Fermented Foods 101

Bacteria are everywhere. They cover every surface and live on every object and being, inside and out. 

These wee beasties were one of the first life forms on Earth and there are more individual bacteria than any other sort of organism on the planet.  They outnumber the cells in the human body ten trillion to one, so for every one human cell there are ten trillion bacteria! There are both helpful and harmful bacteria and most importantly, bacteria are essential for life on Earth.

When we ferment foods, we create conditions where these organisms thrive and proliferate. Fermentation preserves food by producing alcohol, lactic acid and acetic acid, breaks down nutrients in food into more digestible form, and creates new nutrients as a by-product of the bacteria. By eating fermented foods, we populate our gut with the beneficial bacteria that are necessary for good health. These bacteria are also known as probiotics. The process is actually called lacto-fermentation because the starches and sugars in the veggies are broken down by a group of bacteria called Lactobacilli. These healthy bacteria produce B vitamins and vitamin K. They kill bad bacteria in your gut, which helps eliminate yeast and decrease sugar cravings. They increase the biodiversity of the gut, which means increasing the variety of species, which is a good thing for your body!

Delicious and nutritious homemade fermented veggies

History of Fermentation

Fermentation has been happening since before writing and cultivation of soil. Every culture traditionally made a fermented food, mainly to preserve the food before refrigeration existed. Europeans have sauerkraut, Japanese eat miso, soy and pickled vegetables, Koreans love their kimchee, and Americans traditionally used fermented ketchup and cucumber relish.  What served as a natural means of preservation also offered protection from harmful pathogens and increase in health!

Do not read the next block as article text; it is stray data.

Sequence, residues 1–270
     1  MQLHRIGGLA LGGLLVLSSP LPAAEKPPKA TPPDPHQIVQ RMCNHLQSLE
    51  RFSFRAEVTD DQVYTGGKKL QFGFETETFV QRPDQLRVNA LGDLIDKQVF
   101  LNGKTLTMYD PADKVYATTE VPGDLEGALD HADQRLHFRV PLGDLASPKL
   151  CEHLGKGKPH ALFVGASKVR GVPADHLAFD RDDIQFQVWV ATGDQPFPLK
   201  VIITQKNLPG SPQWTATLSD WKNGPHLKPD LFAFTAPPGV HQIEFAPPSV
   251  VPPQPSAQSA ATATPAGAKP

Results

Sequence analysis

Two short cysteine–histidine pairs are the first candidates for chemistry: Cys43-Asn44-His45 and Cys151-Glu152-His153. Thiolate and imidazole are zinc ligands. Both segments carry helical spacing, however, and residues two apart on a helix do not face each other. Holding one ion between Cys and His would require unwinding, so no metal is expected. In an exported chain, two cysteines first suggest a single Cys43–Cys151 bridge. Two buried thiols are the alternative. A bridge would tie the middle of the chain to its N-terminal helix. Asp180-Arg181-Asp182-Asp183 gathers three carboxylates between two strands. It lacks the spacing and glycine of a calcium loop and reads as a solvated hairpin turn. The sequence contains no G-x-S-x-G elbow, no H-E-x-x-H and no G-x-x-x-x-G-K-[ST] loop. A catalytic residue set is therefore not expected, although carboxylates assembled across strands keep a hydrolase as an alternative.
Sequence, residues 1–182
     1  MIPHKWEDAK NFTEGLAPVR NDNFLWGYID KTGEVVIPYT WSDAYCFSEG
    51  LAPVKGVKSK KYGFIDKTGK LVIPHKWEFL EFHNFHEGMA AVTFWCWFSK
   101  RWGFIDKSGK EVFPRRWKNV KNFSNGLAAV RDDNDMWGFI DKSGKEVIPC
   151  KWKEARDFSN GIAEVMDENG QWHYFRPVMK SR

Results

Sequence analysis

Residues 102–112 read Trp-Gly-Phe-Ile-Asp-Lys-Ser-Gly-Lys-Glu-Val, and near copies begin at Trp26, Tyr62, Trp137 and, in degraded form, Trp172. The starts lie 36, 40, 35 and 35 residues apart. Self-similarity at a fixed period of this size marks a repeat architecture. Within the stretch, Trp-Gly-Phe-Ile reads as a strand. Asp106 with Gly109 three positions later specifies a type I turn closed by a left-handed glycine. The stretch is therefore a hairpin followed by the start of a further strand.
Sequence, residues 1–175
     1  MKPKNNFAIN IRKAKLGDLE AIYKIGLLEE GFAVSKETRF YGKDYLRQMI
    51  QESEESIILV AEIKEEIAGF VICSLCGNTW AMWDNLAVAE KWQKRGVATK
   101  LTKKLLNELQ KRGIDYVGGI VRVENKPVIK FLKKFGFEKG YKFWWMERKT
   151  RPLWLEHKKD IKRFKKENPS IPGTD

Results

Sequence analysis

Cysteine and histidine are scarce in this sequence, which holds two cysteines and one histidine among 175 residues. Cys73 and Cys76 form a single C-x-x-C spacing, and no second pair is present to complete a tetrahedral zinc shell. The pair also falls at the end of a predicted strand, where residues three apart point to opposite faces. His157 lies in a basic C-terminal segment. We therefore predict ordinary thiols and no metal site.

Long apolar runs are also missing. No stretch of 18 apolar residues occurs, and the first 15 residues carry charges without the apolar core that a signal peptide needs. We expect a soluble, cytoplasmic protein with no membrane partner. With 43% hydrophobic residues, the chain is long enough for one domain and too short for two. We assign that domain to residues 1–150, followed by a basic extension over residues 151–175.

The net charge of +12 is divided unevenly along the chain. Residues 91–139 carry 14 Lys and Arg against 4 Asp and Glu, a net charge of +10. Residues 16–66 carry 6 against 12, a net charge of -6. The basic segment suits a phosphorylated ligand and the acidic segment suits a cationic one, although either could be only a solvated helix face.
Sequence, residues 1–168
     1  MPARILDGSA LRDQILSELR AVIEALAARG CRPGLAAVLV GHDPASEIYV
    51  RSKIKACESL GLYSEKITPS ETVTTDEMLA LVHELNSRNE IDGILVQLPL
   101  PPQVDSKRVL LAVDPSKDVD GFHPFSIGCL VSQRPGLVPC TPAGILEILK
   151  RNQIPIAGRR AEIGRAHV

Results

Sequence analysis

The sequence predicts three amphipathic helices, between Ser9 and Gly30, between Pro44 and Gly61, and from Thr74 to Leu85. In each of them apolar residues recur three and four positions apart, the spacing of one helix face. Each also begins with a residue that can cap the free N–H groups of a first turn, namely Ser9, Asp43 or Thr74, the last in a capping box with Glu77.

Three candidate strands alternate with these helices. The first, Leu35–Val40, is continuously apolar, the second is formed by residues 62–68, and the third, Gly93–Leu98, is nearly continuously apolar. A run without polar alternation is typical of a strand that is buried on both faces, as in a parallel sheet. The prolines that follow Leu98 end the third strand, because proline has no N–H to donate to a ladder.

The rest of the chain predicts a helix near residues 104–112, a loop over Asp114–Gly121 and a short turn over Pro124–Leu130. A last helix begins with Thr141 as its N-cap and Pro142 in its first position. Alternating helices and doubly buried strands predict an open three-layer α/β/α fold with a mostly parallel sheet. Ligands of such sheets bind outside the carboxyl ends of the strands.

Are all fermented foods good sources of probiotics?

All are not created equal. Fermentation gives us many foods that we know and love, for example: bread, cheese, wine and coffee. Sadly, they all do not contain probiotics.

A yeast ferment and baked. No probiotics. SORRY!

Commercially made may contain a few strains, but only if added after pasteurization. Often loaded with sugars, this is not your best option. Also, dairy can cause inflammation in many people, so this defeats the purpose.

The fruit is fermented off the beans to give us the delicious flavors, but unfortunately, no probies!

Yes, it contains probies! This can add more biodiversity to your gut. Not meant to be consumed in large amounts (like 12-16 oz bottles) due to toxic overload on the liver. Not good for people with candida issues because it still contains sugars.

Contains probiotics only if aged 6 months or more, unpasteurized and not heated too high.

Only gives us probies if it raw and unpasteurized and says on the label that it contains live cultures. OR you make it yourself

Allison Kirley, NTP, LMT of Delicious Life Wellness

If you want to learn more about fermented foods and how to make your own sauerkraut, I will be collaborating with The St. Johns Clay Collective on March 23rd for a workshop that combines food AND art: Fermentation and Crocks. I will do a demonstration on how to make a simple kraut recipe, then you will paint a cool crock to take home! There will be tasting samples and lots of fun to be had, so sign up today at St. Johns Clay Collective or contact me at Delicious Life Wellness.

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